3, August 2019
The United Nations has warned that a new wave of terror attacks may occur before the end of this year, as tens of thousands of foreigners, who had traveled abroad to join the Daesh or other terrorist groups, are said to be still alive.
Specialist monitors at the UN Security Council said in a report that despite recent decrease in attacks across the globe, terrorism continues to pose a significant threat to the world as up to 30,000 foreigners who traveled to the Iraq or Syria for joining the Daesh might still be alive.
Extremists from across Europe joined Daesh in droves in 2014, when the Takfiri terror group launched its campaign of death and destruction in Iraq and Syria.
European countries estimated that as many as 6,000 people traveled to the two Arab countries back then. About a third were killed, while another third remain detained in the region or have moved elsewhere.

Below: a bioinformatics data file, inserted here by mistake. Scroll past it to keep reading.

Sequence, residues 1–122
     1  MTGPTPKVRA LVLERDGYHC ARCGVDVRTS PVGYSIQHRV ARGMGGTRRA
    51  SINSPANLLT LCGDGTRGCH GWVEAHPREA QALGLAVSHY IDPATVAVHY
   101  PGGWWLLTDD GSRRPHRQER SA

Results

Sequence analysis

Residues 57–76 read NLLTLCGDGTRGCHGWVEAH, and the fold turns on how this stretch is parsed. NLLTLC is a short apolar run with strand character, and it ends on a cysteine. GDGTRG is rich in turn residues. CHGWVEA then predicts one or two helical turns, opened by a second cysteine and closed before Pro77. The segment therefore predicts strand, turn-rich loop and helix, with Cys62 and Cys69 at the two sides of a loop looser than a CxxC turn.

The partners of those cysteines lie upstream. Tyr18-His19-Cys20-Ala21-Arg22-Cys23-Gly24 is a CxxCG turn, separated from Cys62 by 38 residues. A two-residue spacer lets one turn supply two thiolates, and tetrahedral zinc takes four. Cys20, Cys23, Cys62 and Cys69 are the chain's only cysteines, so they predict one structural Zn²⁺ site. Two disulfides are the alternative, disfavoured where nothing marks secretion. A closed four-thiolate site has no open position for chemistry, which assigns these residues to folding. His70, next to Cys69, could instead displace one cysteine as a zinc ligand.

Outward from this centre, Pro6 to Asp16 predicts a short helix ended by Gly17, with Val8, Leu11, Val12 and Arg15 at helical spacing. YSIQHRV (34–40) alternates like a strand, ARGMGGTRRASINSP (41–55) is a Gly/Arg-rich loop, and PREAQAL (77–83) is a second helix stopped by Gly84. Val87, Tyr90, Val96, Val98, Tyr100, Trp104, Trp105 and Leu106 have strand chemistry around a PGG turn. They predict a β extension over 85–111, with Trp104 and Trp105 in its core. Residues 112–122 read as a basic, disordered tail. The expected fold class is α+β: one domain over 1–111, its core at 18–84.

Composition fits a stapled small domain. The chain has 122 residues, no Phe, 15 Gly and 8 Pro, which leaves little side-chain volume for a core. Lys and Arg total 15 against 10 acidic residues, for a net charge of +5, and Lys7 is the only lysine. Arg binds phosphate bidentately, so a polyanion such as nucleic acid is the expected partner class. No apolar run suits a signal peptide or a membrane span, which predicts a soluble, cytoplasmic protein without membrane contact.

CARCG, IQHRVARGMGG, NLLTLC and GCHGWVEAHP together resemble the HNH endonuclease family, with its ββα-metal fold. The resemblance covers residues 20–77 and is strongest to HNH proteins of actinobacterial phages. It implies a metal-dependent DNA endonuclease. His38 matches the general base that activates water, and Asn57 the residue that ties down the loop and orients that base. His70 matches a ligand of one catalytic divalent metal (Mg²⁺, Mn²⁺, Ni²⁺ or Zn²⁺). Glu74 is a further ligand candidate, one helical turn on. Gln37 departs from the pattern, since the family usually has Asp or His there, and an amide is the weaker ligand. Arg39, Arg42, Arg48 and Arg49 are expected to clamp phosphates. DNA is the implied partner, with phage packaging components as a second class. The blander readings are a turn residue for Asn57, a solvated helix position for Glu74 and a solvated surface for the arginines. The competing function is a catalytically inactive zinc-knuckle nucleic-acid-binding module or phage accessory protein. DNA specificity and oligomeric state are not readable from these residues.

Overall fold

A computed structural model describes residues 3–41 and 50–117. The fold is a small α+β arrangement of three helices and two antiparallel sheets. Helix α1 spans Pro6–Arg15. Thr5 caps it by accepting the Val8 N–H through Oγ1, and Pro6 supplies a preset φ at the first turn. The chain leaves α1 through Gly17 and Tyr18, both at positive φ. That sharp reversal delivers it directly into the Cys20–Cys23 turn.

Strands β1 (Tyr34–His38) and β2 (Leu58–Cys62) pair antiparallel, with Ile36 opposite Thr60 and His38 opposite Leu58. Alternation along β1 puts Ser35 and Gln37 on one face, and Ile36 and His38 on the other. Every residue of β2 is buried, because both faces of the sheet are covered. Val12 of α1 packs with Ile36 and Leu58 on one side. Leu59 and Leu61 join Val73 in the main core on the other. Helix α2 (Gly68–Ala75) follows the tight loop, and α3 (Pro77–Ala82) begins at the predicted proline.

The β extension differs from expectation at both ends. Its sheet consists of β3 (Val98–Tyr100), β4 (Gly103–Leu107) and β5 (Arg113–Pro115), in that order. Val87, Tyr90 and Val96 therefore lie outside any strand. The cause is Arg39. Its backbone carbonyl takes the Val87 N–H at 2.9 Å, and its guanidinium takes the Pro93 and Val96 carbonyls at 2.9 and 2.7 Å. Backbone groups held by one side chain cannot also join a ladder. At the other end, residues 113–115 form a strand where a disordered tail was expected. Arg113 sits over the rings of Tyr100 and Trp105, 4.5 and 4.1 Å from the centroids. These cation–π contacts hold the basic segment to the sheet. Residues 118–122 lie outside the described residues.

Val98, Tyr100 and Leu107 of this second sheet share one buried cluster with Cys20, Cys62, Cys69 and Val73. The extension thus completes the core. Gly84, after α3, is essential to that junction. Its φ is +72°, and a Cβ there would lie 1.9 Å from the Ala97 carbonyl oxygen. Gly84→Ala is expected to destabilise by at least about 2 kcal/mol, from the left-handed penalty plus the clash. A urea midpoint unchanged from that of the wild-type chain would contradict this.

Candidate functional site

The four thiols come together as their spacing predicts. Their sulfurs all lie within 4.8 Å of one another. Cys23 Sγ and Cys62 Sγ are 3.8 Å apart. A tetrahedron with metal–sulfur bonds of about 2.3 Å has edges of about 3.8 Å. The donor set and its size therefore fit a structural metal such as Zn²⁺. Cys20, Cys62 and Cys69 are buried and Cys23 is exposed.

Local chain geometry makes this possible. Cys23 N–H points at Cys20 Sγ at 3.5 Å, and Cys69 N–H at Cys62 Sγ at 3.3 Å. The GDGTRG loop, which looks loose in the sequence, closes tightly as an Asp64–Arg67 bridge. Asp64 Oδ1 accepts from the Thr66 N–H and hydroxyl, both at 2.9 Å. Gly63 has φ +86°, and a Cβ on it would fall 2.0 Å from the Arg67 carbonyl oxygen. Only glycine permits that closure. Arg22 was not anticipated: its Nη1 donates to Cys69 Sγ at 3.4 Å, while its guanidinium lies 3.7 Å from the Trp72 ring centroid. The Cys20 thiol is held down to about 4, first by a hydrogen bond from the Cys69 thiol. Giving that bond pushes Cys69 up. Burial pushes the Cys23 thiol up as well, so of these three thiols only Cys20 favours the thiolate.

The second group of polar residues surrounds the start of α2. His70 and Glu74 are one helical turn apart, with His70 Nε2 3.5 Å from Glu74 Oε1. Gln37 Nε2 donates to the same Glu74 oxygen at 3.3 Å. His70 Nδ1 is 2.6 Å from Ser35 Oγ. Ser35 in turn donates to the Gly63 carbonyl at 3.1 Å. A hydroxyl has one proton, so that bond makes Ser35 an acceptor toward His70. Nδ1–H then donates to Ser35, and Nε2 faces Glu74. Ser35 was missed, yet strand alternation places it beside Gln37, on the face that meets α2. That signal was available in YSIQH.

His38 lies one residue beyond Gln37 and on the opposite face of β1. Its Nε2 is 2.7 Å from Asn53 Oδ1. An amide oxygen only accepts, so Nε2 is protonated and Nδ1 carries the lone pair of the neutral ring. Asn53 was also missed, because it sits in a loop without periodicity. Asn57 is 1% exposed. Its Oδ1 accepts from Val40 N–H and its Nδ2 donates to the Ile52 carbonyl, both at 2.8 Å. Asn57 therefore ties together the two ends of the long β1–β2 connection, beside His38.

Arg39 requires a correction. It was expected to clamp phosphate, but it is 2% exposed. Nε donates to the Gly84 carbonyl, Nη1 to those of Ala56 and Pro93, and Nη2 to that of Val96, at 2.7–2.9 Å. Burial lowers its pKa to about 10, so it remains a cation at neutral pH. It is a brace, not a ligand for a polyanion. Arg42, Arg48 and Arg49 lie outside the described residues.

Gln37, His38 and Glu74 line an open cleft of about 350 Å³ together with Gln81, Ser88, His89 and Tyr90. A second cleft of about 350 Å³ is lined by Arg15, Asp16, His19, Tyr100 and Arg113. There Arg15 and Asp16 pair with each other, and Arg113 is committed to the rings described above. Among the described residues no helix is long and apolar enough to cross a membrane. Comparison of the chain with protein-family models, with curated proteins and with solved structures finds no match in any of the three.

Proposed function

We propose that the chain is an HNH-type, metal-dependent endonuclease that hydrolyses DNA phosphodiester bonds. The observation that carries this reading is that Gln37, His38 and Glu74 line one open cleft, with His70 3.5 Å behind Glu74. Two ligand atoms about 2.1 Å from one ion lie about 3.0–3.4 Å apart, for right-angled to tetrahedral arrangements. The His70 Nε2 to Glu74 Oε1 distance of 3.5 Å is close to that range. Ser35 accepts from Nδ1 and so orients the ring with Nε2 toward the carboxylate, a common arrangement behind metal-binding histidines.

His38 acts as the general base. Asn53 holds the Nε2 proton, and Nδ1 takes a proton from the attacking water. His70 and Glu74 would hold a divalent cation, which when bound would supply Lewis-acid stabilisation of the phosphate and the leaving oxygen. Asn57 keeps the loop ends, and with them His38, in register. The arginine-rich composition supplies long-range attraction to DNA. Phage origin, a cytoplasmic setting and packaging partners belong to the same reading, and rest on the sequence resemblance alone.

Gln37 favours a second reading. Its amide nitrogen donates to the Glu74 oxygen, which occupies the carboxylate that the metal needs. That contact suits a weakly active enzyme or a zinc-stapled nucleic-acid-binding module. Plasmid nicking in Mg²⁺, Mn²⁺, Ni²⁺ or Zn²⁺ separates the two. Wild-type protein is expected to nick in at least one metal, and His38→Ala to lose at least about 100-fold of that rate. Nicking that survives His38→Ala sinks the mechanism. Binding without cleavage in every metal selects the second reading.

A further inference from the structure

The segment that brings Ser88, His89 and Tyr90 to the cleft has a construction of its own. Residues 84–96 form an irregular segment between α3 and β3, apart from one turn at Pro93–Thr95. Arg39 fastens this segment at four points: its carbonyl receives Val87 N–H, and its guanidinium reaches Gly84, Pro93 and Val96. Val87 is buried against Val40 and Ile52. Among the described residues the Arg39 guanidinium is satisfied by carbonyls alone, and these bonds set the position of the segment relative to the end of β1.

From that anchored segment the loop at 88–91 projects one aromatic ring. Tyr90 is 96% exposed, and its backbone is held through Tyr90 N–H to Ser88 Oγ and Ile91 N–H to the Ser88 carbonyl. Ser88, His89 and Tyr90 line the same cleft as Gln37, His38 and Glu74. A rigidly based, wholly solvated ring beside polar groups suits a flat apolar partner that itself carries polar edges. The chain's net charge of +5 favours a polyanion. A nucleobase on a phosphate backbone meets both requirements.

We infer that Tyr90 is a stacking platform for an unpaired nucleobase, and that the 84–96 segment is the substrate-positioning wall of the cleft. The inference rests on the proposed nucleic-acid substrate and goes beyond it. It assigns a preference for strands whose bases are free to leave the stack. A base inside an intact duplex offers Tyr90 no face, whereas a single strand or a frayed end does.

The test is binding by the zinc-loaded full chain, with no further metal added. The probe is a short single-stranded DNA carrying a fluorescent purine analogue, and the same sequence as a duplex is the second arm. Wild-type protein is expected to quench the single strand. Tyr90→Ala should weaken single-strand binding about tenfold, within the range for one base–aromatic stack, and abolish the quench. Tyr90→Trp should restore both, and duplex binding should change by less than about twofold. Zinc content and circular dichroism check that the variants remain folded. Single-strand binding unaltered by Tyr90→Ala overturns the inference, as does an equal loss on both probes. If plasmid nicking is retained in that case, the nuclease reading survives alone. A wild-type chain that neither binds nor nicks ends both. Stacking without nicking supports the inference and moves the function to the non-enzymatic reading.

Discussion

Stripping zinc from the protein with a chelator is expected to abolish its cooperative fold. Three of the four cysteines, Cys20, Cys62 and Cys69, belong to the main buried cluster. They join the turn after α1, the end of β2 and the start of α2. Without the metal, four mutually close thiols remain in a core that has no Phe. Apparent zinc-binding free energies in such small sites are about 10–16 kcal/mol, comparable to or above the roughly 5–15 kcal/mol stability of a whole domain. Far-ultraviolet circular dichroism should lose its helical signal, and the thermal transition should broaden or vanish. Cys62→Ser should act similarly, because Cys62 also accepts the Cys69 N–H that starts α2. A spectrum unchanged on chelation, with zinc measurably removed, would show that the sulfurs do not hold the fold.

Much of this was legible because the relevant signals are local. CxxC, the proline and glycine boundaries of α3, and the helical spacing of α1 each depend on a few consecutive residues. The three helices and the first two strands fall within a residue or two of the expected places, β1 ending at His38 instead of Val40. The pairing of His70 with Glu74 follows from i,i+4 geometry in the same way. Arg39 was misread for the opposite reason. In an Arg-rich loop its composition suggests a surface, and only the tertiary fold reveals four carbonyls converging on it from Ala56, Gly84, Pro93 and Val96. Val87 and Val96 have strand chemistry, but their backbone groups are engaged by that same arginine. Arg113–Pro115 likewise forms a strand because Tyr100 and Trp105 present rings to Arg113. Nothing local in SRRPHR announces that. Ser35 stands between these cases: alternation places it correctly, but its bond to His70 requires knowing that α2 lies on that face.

“Their future prospects will be of international concern for the foreseeable future,” the report said. “Some may join al-Qaeda or other terrorist brands that may emerge.”
Europe has so far been unwilling to take back citizens who traveled to join Daesh, saying they pose a security threat to the European Union member states.
This has prompted US President Donald Trump to threaten the EU on Thursday that he may release over 10,000 European Daesh members, captured in Syria and Iraq, to return to the place where they came from.
Trump for several times asked European leaders to act more decisively and take back their nationals. Back in February, he posted a tweet calling on Europe to take them back or Washington would be “forced to release them.”
The US said it has arrested around 850 foreigners on terror charges in the last few years.
Back in January, France said it was considering the repatriation of 130 men and women to be tried, but a month later no progress appeared to have been made. French officials also said last year that they were working on plans to return children born to foreign fighters.
Earlier this year, Germany said that a third of its estimated 1,000 nationals who are believed to have joined Daesh in Iraq and Syria since 2013, have returned to their homeland. Many of those have since been prosecuted or placed into rehabilitation programs, Berlin said.